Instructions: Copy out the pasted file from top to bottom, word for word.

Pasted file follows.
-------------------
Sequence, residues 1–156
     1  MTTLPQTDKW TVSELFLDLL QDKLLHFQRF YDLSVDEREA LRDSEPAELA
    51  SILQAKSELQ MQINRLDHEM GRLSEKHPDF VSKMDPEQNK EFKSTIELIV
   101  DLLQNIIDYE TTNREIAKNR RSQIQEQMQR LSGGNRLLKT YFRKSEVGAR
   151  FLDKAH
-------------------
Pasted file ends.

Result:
Sequence, residues 1–156
     1  MTTLPQTDKW TVSELFLDLL QDKLLHFQRF YDLSVDEREA LRDSEPAELA
    51  SILQAKSELQ MQINRLDHEM GRLSEKHPDF VSKMDPEQNK EFKSTIELIV
   101  DLLQNIIDYE TTNREIAKNR RSQIQEQMQR LSGGNRLLKT YFRKSEVGAR
   151  FLDKAH